Medical Mission to Tanga

Two sisters look on as they wait for treatment at the clinic in Tanga, Tanzania. (Photo by Donald Miralle)

It was my pleasure to document and be part of a medical mission to Tanga, Tanzania to help bring primary health care into five rural villages and urban communities in the Tanga region. In conjunction with the Toledo Tanga Sister City Committee, the Rotary Club of Tanga, and the World Health Organization’s Dr. William Mwengee, the team was comprised of volunteers and medical students led by Dr. Richard Paat, Associate Professor of Medicine, University of Toledo College of Medicine and Dr. Glenn Geelhoed, Professor of Surgery and Tropical Medicine, George Washington University. Dr. Paat was instrumental in organizing not only this trip but 40 other medical missions including trips to the Guatemala, Philippines, Honduras and disaster areas like Cuba and Indonesia; Dr. Geelhoed has over 200 medical missions to his credit over the course of 5 decades and has written over 800 articles and four books, the most recent an autobiography which is being released in early 2011. With funding from a two-year grant from the Bill and Melinda Gates Foundation and the, the primary goal of the trip was not only to treat locals but more importantly to bring sustainable, cost-effective primary health care services into the rural villages and educate a handful of villagers in first aid, suturing skills, prevention, diagnosis and treatment of diarrheal diseases, respiratory infections, malaria, HIV and TB. The team transformed a local school into a triage unit, clinic, and pharmacy over the course of 4 days and saw over 200 patients a day. In addition, a dental clinic under Mike Kastner, DDS performed over 350 extractions and procedures over the course of four days. It was a great success with the local Pongwe Clinic opening their new operating room, which saw it’s first 50 procedures completed under the direction of Dr. Geelhoed, with the local group of newly educated medical assistants continuing immediately after our departure.

I can’t even begin to write about all the different experiences I had, people I met, and how much this trip changed my life and my perspective on things; living in a country like the U.S. you really take for granted necessities like clean water, food, medicine, and even electricity. Growing up in Los Angeles, everything was geared towards the consumers, capitalism and the “haves” rather than the educators, volunteers and the “have-nots”. I can only hope that area of Tanga continues to benefit from our trip and the Health Promoter System proves to be a successful model for them and other developing countries.  But as long as groups of selfless individuals freely give their time and knowledge to make a difference in so many peoples lives in such a short time then you can believe that anything is possible.  Special thanks to my mother-in-law Linda Inskeep RN who was part of the mission and introduced me to the group; Dr. Paat and and Dr. Geelhoed who were inspirational leaders and rolemodels for all; and the rest of the team including Mike Kastner DDS, Josie Hardy RN, Edward “Jay” Miller MPH, Dennis Bensch, Katrina Ducis, Kannan Samy, Audrey Roberts, Shweta Pai, Meghan Kaumaya, Todd, Ludwig, Holly Pierce and Dennis Steinauer. It was a pleasure to meet and work with you all, thanks for the good times, great memories, and hope to do it again! Below are some of my favorites from the trip to Tanga as well as our down time in Zanzibar afterward – you can view the photos in larger format on the gallery in my website. Asante Sana, Maisha Marefu!!!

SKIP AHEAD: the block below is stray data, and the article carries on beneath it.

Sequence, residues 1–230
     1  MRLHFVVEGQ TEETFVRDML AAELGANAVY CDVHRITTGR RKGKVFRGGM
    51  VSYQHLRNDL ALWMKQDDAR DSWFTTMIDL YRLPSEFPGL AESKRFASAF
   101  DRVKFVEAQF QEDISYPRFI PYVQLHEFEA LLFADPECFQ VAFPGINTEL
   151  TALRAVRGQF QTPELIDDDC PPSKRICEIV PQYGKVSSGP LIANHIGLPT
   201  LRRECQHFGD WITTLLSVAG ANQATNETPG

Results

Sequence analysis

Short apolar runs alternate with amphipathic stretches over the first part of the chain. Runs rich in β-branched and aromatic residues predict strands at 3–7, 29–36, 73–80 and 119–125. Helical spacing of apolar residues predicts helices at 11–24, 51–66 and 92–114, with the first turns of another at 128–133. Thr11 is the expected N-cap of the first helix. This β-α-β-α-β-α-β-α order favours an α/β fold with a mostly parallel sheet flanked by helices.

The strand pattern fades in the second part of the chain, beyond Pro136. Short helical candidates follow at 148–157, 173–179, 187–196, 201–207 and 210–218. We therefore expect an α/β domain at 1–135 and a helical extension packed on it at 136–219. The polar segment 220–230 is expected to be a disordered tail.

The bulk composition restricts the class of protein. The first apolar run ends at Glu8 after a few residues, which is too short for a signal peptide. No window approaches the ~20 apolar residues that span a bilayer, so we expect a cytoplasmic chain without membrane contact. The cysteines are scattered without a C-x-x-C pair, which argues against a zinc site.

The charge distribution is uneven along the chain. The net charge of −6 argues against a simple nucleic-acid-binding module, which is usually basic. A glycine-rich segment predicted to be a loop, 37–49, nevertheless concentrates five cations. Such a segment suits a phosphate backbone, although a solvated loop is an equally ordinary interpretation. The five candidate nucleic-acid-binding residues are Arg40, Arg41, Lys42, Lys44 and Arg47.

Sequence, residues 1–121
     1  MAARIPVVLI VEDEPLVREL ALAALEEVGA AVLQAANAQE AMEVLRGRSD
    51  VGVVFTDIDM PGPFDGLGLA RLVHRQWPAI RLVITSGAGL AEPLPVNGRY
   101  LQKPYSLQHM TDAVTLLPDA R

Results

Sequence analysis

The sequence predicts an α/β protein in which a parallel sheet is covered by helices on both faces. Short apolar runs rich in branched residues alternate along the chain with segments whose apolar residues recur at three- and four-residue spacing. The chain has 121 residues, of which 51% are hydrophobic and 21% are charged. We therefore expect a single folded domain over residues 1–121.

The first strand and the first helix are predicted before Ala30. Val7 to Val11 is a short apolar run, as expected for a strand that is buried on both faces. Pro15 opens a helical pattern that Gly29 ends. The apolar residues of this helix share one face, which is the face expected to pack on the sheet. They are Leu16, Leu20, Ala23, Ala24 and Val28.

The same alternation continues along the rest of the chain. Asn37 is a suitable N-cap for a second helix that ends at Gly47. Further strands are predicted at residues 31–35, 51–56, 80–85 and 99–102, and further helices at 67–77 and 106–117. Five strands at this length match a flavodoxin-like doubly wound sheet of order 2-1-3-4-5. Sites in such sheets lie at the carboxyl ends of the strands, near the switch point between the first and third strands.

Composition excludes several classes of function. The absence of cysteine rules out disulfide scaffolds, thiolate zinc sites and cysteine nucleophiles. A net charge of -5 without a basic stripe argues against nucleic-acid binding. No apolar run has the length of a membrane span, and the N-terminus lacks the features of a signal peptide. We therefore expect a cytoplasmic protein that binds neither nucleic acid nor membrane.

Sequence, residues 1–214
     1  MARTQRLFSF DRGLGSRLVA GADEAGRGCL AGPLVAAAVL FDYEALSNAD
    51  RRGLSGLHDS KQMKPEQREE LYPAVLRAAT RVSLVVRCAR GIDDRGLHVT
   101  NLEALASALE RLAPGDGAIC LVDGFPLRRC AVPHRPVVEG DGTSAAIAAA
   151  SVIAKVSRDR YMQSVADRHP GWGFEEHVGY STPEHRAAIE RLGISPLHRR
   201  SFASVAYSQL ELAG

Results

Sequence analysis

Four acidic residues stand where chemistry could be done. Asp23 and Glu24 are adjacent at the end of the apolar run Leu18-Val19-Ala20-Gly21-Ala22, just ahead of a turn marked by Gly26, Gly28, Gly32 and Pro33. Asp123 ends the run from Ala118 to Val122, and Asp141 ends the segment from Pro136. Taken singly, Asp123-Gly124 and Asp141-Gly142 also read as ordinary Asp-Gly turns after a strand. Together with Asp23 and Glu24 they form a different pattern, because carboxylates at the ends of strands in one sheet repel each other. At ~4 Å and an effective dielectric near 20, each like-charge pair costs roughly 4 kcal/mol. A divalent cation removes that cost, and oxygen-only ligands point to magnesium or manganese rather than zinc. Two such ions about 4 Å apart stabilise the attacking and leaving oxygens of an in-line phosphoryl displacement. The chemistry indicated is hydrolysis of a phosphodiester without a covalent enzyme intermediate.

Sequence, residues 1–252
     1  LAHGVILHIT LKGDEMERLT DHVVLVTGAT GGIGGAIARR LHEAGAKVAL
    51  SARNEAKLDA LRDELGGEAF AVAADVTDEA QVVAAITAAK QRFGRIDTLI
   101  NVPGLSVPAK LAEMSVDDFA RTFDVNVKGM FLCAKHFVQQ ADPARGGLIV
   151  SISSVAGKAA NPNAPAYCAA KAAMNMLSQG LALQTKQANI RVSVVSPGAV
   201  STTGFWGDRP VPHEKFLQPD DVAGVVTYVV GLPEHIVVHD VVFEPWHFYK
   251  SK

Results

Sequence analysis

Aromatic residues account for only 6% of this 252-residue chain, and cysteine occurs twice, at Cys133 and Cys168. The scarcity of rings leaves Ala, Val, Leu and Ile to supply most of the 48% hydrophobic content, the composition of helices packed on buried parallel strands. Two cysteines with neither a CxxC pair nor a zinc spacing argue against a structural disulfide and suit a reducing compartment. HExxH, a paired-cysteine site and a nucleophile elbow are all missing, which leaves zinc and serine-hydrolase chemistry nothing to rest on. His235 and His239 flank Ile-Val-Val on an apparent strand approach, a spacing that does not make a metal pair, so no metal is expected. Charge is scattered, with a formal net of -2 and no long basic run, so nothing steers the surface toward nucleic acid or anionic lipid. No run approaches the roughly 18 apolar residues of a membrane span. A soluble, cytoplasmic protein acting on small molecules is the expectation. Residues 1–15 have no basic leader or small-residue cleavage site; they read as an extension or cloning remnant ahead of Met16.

Tanzania is located in Central East Africa with much of it’s eastern borders lying on the Indian Ocean (Photo by Donald Miralle).

A aerial view of tightly packed building outside of Dar Es Salam, Tanzania (Photo by Donald Miralle)

A mother holds her sick daughter outside of the clinic in Tanga, Tanzania (Photo by Donald Miralle)

Locals line up for hours waiting for treatment outside the clinic in Tanga, Tanzania (Photo by Donald Miralle)

A man bikes with casava roots in front of the Pongwe Clinic in Tanga, Tanzania. (Photo by Donald Miralle)

A young boy looks inside the window of the school room converted into the triage as he waits to be seen by medical staff. (Photo by Donald Miralle)

A man waits inside the clinic in front of a school chalkboard used to educate local medical staff. (Photo by Donald Miralle)

Man awaits surgery at the Pongwe clinic (Photo by Donald Miralle).

Medical student Audrey Roberts comforts an elderly man while Dr. Geelhoed educates a local medical assistant on the administering of a spinal for a removal of hernias (Photo by Donald Miralle)

Young man grimaces in pain while in surgery to remove a hyrdoseal from one of his testicles in the Pongwe Clinic in Tanga, Tanzania (Photo by Donald Miralle).

Dr. Geelhoed shakes the hand of Rafiki, both birth brothers at 71 years of age, after Dr. G removed a hernia from Rafiki and Kanaan Samy sutures up the wound in the operating room at Pongwe Clinic (Photo by Donald Miralle).

A general view of the examination room converted from one of  the schools classrooms (Photo by Donald Miralle).

Mike Kastner DDS inspect the teeth of a young girl as Holly Pierce assists (Photo by Donald Miralle).

A young girl is held down by her parents and staff as she struggles while having her teeth pulled in Tanga, Tanzania (Photo by Donald Miralle).

A young girl looks on from inside the clinic as doctors diagnose her with a secondary infection from a dental procedure she had a month ago. Editors note: this was not a result of any procedure by Mike Kastner DDS (Photo by Donald Miralle)

Young fisherman, Tanga (Photo by Donald Miralle).

A local fisherman cuts up the days catch as his cat eats the scraps in Tanga, Tanzania (Photo by Donald Miralle).

Young boy waits in cue outside the clinic (Photo by Donald Miralle).

Dr. Richard Paat fits a hearing aid to a local adolescent’s ear. The team from Toledo came with 14 large army duffels packed with medicine and supplies, as well as hearing aids and eye glasses (Photo by Donald Miralle).